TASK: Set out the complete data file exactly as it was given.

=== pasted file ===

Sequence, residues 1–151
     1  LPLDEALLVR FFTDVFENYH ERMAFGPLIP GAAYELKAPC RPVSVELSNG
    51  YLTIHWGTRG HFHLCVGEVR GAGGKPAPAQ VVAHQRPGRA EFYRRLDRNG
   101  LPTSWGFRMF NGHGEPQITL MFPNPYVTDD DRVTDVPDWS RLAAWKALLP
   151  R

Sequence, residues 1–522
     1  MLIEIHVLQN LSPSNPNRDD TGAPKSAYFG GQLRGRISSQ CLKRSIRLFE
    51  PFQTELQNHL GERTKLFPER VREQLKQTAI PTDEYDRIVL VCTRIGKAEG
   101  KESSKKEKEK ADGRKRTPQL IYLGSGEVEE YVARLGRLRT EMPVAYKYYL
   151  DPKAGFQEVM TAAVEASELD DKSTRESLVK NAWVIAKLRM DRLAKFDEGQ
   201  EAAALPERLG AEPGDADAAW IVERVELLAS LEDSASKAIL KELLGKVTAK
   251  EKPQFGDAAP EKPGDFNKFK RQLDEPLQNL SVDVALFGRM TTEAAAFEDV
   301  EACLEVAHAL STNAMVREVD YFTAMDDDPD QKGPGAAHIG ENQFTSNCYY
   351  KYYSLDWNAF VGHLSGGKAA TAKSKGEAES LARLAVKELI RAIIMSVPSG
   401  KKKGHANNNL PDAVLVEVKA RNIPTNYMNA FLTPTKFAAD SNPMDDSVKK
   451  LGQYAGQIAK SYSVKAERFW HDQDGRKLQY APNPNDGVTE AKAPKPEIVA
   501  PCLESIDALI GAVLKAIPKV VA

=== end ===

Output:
Sequence, residues 1–151
     1  LPLDEALLVR FFTDVFENYH ERMAFGPLIP GAAYELKAPC RPVSVELSNG
    51  YLTIHWGTRG HFHLCVGEVR GAGGKPAPAQ VVAHQRPGRA EFYRRLDRNG
   101  LPTSWGFRMF NGHGEPQITL MFPNPYVTDD DRVTDVPDWS RLAAWKALLP
   151  R

Sequence, residues 1–522
     1  MLIEIHVLQN LSPSNPNRDD TGAPKSAYFG GQLRGRISSQ CLKRSIRLFE
    51  PFQTELQNHL GERTKLFPER VREQLKQTAI PTDEYDRIVL VCTRIGKAEG
   101  KESSKKEKEK ADGRKRTPQL IYLGSGEVEE YVARLGRLRT EMPVAYKYYL
   151  DPKAGFQEVM TAAVEASELD DKSTRESLVK NAWVIAKLRM DRLAKFDEGQ
   201  EAAALPERLG AEPGDADAAW IVERVELLAS LEDSASKAIL KELLGKVTAK
   251  EKPQFGDAAP EKPGDFNKFK RQLDEPLQNL SVDVALFGRM TTEAAAFEDV
   301  EACLEVAHAL STNAMVREVD YFTAMDDDPD QKGPGAAHIG ENQFTSNCYY
   351  KYYSLDWNAF VGHLSGGKAA TAKSKGEAES LARLAVKELI RAIIMSVPSG
   401  KKKGHANNNL PDAVLVEVKA RNIPTNYMNA FLTPTKFAAD SNPMDDSVKK
   451  LGQYAGQIAK SYSVKAERFW HDQDGRKLQY APNPNDGVTE AKAPKPEIVA
   501  PCLESIDALI GAVLKAIPKV VA